How to Negotiate a Salary for a Tech Job

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Former Tech Careers guide John Steven Niznik provided some initial tips on how to negotiate a salary for a technical position. Here are a few additional guidelines I've compiled to help you get through the negotiation process with minimal stress, and end up with a ​salary that is acceptable for both you and the employer.

The Best Time to Negotiate Salary

Most career experts will say you have the most leverage in negotiating a salary after you have been offered the job; at this point, the employer is certain they want to hire you.

However, avoid trying to negotiate immediately after receiving the offer and before getting additional details on the rest of the compensation package. You need to take some time to consider everything being offered.

Also, try your best to avoid bringing up salary or, if asked, giving specific figures during the job interview. That time should be used to find out more about the job and to determine whether you want to work for the employer.

Know the Job Description and Requirements

You can't be expected to negotiate fairly if you don't have all the information you need. If you have any outstanding questions about what you will be expected to do, the results you will need to produce, and any other benefits or perks the employer offers, find the answers to those questions before you start talking about how much you'll get paid.

Research is Key to Salary Negotiation

Make sure you do some background research to find out what the going salary is for the type of job you are being offered - one with similar responsibilities.

Here are some places where you can find this kind of information:

  • Payscale.com;
  • Salary.com;
  • Indeed.com;
  • government census stats;
  • salary reports issued by various tech job search firms;
  • National Association of Colleges and Employers;
  • postings for similar jobs;
  • discussions with people who have a similar job.

    Consider Other Forms of Compensation Being Offered

    If the salary you are offered falls short of what you had been hoping for, don't overlook other benefits the employer may offer. Some of the following benefits could save you money and make up for what may seem like a salary shortfall:

    Also consider vacation time, any other bonuses, and opportunities for professional development, including tuition assistance. As an IT worker, keeping your skills up-to-date is very important, so any opportunity for skills development should receive significant consideration when making your decision.

    Raise the Salary Bar a Little Higher

    Some employers will try to low-ball you, but others may not. Ask for a salary that is somewhat higher than what you would really like (but not unreasonably high), so you have leeway to negotiate down to a number that will still work for you and will not be below your value or expectations.

    Also try to demonstrate to the employer why you are worth the salary you are requesting by continuously reminding them of what you can bring to the table to help save money, make the IT department more efficient, or implement new ideas.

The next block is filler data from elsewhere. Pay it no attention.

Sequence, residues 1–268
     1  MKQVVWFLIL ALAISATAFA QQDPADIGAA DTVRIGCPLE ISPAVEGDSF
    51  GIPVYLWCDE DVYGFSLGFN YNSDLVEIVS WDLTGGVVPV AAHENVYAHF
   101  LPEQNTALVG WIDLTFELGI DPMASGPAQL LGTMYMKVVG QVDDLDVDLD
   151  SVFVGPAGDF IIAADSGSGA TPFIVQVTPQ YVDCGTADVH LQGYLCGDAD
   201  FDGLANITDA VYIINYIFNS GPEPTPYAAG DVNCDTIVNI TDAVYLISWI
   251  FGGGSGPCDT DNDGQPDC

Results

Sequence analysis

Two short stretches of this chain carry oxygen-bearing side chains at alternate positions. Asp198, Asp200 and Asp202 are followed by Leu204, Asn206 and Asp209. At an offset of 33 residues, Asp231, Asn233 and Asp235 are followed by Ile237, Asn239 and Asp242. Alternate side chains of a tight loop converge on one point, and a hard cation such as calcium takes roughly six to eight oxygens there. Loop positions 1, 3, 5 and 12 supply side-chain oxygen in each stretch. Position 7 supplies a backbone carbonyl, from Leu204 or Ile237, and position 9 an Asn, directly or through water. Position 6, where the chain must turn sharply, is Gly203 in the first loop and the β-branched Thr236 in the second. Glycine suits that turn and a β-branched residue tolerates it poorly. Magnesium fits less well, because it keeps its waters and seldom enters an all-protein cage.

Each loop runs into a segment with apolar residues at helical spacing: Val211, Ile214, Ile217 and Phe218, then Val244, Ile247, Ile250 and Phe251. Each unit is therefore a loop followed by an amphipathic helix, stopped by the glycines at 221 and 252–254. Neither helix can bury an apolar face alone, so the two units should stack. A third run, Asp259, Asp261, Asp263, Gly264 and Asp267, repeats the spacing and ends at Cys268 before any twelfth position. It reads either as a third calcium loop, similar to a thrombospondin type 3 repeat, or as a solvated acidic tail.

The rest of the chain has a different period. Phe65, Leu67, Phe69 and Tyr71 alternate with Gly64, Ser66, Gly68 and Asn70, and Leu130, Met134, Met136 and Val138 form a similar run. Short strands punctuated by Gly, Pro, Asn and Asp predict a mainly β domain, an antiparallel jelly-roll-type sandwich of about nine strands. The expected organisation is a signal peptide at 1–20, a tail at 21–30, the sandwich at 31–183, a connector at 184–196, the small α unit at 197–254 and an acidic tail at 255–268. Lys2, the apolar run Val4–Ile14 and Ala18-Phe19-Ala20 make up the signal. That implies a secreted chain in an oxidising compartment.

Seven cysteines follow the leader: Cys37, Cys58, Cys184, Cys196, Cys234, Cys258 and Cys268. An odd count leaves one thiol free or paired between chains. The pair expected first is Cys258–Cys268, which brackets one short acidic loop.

Stay Positive in Your Negotiations

    At all times, remain polite and positive in your discussions about salary. Even if you're excited about the job but insulted by the initial offer, don't express your disgust to the employer and sound off about how much more you are worth.

    Focus instead on communicating to the employer how interested you are in the job, and how much you know you can contribute to the company, and then mention that that are certain areas you would like to discuss before coming to final salary agreement.

    Be Polite and Don't Try to Manipulate the Negotiation Process

    The main idea is to arrive at a win-win situation: one where the salary is acceptable to you, but also leaves the employer assured that they are hiring someone who is worth the money they will be paying. Avoid making outright demands, giving ultimatums or trying manipulative tactics at any point.

    For example, if you receive a few job offers at once, it's not a good idea to pit employers against each other in the hopes that they will try to outbid one other. This may leave a sour taste in the employers' mouths and may cause them to be less flexible than they normally would be if you had stayed positive.

    Patience is a Virtue When Negotiating Salary

    Try to take things slowly, so you have enough time to do your research and prepare for the negotiation process. If you don't rush, you'll feel more confident throughout the whole process, and you won't make any impulsive decisions that you will later regret.

    Also, expect negotiations to happen in several stages, and don't be surprised if they take days or even a couple of weeks to be finalized.

    Get Your Job Offer in Writing

    Once you've come up with a mutually acceptable salary, make sure the employer gives you a written copy of the job offer, stating the job description, expectations, other important details, and the salary.

    Don't try to go back and negotiate for more after you've accepted the offer, as you will have little to no leverage at that point. Do all of your negotiating work before saying "yes" to the job.

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